Nanomedicine, Volume I: Basic Capabilities
© 1999 Robert A. Freitas Jr. All Rights Reserved.
Robert A. Freitas Jr., Nanomedicine, Volume I: Basic Capabilities, Landes Bioscience, Georgetown, TX, 1999
8.6.1 Epidermal Navigation
Nanorobots traversing the epidermal regime (Section 9.5.2) must ascertain their position on the surface of the skin or in the hair. The epidermis averages ~100 microns thick but ranges up to 1000-1500 microns thick on the palms, soles, and other areas regularly subjected to rubbing or pressure. There are no blood vessels in the epidermis, so nanorobots may not be able to rely upon an internal microtransponder network or related navigational facilities.
The simplest solution to epidermal navigation is basic map-following. For example, the adult body has 2-4 million sweat glands (100-200/cm2, mean separation ~800 microns). Most of these are saline- and urea-emitting eccrine glands ~20 microns in diameter, prevalent on the back, chest, forehead, palms, and soles. A smaller number of scent-secreting apocrine glands ~200 microns in diameter are concentrated at the underarms, nipples, genitals, and anus. Apocrine secretions are promptly broken down by skin bacteria to make odoriferous androstenone ("stale urine"), androstenol ("musky"), and isovaleric acid ("sweaty goatlike").873 Sweat glands are persistent dermal landmarks that are readily mapped, along with their distinctive chemical secretions (including 0.028-0.4 mg/cm3 glucose).585 A positional or chemonavigational sweat gland map of the ~2 m2 human skin surface to ~800 micron resolution requires ~3 million pixels or 24 megabits of data storage assuming 8-bit pixels.
An alternative or supplementary system is a follicular or crinal map of 50-100 micron diameter hair shafts that are irregularly distributed over the surface of the skin. Follicular map elements are reasonably stable due to subdermal anchoring. Hair follicles normally are most numerous on the scalp (~125,000 hairs or ~200/cm2, with a ~700 micron mean separation between shafts and a mean natural life of 0.4-4 years), on the axillary (underarm), perineal and pubic regions, on the eyebrows and eyelids of both genders (each eyebrow has ~600 hairs with an average life of 112 days), and in a highly variable number density on the face, chest, arms and legs, most notably in males. An epidermal follicular map recording the locations of ~200,000 individual hair shafts using (700 micron)2 8-bit pixels requires 4 million pixels and 32 megabits of data storage. Crinal navigation is readily accommodated as the nanorobot uses dead reckoning to track its position while traversing individually addressed hair shafts.
Epidermal map reliability is enhanced by noting numerous landmarks that may be regarded as "permanent" features on the timescale of nanorobotic actions. Such features might include scars, birthmarks, tattoos, warts, corns, cysts, nevi, small skin flaps, or dematofibromas. Stretch marks are found over the abdomen and breasts during pregnancy, over the abdomen in cases of obesity or fluid retention, on the necks of goiter patients, over the loins of patients suffering from disorders affecting the sacroiliac region, and over any distended organ. Epidermal maps are further enhanced using dermatoglyphics,3425 the study of the patterns of ridges and lines on the skin of the fingers, palms, wrists, toes, soles, and neck. Many of these patterns are unique to a given individual (thus may be used to verify patient identity, e.g., fingerprints) and are persistent enough over time to serve as the basis for stable epidermal maps. Dermatoglyphics already plays a role in traditional diagnosis -- Down's syndrome produces a characteristic mid-palm crease, and infant palm prints can reveal telltale signs of congenital heart defect.3426-3428 Dermal ridges are also a sexually dimorphic trait -- males have more ridges than females, and both sexes usually have more ridges on the right hand than on the left hand.1052 In 1998, mole (nevi) photographic surveillance was a preventative skin mapping procedure to detect the onset of melanomas.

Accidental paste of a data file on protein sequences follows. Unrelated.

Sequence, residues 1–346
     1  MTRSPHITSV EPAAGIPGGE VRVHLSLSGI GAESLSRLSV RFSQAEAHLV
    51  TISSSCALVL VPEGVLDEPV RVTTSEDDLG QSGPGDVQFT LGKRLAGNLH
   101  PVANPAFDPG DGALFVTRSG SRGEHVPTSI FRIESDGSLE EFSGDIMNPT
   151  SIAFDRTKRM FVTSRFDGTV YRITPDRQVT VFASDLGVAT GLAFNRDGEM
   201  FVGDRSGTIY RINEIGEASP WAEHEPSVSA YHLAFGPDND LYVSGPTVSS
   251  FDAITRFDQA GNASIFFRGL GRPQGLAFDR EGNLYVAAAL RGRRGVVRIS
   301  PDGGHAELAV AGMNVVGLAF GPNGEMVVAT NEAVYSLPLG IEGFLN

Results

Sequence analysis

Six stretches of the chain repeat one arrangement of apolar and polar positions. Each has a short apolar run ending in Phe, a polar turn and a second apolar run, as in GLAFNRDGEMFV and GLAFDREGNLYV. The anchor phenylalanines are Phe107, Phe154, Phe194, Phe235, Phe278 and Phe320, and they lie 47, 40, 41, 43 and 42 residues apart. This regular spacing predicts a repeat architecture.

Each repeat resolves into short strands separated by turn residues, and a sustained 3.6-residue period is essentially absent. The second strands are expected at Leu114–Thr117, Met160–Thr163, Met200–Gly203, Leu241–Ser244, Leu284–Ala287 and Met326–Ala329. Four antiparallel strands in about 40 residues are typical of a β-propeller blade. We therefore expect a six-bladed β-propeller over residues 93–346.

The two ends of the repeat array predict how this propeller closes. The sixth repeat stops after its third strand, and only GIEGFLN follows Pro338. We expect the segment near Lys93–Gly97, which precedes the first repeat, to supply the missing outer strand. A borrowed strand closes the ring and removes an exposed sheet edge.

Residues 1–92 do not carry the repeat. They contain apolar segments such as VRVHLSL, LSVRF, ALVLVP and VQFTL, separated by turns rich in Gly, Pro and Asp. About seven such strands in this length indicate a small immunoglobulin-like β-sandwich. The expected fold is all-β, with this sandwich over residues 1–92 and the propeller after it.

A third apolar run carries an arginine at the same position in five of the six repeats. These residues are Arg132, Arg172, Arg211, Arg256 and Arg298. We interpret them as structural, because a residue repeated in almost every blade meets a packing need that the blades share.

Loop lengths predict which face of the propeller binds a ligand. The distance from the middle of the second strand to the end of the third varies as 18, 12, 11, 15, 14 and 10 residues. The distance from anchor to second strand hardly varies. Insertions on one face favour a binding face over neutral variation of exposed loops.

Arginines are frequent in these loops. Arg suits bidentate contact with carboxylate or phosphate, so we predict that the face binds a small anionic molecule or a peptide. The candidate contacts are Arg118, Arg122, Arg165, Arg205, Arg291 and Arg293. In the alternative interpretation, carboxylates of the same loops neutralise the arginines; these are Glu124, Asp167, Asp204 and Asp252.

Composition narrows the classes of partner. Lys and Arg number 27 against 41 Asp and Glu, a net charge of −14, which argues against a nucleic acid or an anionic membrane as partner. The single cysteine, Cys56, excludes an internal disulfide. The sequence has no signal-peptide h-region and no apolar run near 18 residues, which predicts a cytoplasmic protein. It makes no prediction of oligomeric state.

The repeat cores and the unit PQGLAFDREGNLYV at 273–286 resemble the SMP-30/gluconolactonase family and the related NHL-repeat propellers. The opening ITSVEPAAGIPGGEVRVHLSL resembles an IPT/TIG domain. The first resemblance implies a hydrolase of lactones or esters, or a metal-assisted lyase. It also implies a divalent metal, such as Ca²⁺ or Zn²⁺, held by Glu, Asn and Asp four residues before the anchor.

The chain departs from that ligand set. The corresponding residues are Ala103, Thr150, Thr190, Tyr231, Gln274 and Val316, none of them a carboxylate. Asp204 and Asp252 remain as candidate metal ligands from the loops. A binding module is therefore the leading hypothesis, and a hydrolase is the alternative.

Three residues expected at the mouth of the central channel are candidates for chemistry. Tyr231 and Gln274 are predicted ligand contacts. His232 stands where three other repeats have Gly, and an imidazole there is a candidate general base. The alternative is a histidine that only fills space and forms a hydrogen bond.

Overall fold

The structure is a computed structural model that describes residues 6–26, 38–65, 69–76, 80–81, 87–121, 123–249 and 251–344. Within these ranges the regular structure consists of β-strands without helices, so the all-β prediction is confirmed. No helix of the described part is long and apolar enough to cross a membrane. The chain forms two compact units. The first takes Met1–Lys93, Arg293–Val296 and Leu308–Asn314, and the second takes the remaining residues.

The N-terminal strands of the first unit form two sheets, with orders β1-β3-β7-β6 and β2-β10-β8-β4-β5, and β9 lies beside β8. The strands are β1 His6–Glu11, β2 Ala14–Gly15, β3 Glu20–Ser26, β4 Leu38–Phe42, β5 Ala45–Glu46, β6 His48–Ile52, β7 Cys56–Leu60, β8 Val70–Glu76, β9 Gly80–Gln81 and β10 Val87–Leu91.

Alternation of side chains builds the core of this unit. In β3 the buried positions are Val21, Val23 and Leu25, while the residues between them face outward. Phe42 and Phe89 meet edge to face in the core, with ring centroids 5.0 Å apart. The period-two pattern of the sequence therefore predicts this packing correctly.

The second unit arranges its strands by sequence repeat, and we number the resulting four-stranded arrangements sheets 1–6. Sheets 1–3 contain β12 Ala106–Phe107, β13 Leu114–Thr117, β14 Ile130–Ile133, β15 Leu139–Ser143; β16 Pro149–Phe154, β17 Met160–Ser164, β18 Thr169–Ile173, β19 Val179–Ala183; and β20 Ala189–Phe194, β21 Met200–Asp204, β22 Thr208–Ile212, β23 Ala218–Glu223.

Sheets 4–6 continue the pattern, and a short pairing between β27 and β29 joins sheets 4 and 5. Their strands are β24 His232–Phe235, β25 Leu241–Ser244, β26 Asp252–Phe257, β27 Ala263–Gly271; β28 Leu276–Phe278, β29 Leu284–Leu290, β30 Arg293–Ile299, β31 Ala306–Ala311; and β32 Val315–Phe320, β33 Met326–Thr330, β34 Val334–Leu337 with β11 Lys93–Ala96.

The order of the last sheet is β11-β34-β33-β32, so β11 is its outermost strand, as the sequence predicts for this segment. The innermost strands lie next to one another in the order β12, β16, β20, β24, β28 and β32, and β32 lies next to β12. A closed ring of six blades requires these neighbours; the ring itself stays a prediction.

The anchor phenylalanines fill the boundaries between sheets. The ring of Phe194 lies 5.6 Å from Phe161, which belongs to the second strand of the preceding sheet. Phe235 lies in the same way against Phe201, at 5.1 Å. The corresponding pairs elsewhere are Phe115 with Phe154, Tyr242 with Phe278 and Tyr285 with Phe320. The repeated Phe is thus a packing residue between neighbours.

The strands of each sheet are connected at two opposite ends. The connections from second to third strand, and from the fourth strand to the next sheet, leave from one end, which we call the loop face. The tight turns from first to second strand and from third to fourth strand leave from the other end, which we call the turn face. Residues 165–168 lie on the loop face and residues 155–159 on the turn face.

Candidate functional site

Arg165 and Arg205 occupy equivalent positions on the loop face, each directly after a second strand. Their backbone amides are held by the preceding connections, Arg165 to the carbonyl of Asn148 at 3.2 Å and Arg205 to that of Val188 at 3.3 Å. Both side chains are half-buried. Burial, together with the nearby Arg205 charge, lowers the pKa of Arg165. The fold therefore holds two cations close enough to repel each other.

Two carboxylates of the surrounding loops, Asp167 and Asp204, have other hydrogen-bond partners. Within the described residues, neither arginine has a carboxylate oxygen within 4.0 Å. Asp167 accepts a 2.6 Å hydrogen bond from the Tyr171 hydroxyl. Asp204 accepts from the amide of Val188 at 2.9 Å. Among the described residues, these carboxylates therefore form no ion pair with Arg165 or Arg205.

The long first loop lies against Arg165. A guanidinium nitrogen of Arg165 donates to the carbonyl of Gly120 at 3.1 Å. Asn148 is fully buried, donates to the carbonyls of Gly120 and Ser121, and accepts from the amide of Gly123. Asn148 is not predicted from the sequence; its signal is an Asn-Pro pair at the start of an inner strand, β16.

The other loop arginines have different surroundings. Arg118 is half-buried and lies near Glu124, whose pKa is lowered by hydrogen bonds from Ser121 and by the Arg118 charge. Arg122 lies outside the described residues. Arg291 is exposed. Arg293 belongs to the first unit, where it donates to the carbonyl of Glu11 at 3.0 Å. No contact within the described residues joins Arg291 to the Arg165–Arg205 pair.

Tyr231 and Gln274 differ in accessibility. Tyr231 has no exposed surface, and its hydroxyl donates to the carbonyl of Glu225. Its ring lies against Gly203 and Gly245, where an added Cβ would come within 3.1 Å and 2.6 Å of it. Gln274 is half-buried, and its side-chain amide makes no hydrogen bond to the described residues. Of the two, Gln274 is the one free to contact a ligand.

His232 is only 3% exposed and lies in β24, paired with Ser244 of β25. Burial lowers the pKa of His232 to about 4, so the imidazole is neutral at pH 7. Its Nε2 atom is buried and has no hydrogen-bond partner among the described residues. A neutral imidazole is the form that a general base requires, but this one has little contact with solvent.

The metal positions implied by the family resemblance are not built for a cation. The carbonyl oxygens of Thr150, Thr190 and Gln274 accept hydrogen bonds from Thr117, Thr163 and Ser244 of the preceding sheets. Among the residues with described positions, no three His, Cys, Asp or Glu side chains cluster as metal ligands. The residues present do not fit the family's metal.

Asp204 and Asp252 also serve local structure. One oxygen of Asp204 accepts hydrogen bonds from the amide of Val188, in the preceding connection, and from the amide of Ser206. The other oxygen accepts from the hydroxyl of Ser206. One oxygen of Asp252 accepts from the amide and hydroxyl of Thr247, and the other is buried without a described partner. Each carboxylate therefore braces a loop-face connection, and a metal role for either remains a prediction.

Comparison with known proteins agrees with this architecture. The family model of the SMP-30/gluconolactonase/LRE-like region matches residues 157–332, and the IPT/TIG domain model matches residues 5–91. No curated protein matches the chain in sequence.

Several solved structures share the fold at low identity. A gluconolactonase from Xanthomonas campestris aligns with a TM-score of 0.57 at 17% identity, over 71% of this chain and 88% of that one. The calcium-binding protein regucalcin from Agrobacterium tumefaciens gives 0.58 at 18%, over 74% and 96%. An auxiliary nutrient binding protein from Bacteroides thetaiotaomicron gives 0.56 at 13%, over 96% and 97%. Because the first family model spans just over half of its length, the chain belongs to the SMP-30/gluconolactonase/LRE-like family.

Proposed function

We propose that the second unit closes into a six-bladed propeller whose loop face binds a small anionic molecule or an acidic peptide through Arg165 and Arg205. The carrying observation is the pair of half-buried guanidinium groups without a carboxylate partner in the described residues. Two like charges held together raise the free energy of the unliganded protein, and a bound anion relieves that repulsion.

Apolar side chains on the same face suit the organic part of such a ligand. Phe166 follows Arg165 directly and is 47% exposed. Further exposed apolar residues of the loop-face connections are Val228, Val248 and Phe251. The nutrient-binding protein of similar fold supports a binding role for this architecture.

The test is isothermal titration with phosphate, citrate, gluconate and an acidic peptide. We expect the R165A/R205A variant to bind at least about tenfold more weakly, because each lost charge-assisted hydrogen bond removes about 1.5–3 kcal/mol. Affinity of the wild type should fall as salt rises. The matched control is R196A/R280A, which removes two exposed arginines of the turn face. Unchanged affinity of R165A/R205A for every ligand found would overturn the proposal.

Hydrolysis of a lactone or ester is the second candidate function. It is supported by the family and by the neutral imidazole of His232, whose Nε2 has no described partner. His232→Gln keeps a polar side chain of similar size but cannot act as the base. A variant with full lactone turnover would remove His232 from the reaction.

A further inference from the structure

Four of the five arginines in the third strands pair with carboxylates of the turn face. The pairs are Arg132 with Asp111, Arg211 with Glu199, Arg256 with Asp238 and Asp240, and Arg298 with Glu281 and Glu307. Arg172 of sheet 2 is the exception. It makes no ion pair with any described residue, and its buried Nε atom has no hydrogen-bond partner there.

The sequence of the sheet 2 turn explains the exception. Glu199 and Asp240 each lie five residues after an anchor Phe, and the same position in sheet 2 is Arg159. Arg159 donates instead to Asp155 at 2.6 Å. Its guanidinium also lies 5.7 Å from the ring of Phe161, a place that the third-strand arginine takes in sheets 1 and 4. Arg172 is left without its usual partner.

Less permanent but still useful epidermal landmarks include wounds, blisters, sunburns, eczematous or psoriatic regions, or chemical stains. Epidermal microbiotagraphic maps (Section 8.4.4) are also possible, but microbial populations usually cluster near apocrine glands and thus are unlikely to provide significant additional navigational information.
Skin temperature varies greatly across the epidermis (Section 8.4.1). The nonuniform number density of sweat glands in the skin produces highly localized periglandular temperature, moisture, and chemical compositional variations. However, these variations probably add little new information and are more difficult to interpret because readings may be strongly influenced by numerous complicating factors such as clothing and cosmetics, general physical activity level, localized physical activity (e.g., clapping hands), nonuniform sunlight-mediated heating, airflow and winds, immersion of body parts in water, and so forth. Nanorobots attempting to use this kind of information will need a very sophisticated global knowledge of somatic status.
Epidermal maps more accurate than ~1 mm might not prove particularly useful because natural movement of highly elastic dermal tissues may inject measurement errors of this magnitude into relative positional data used to locate adjacent glands, follicles or other epidermal landmarks.
Last updated on 20 February 2003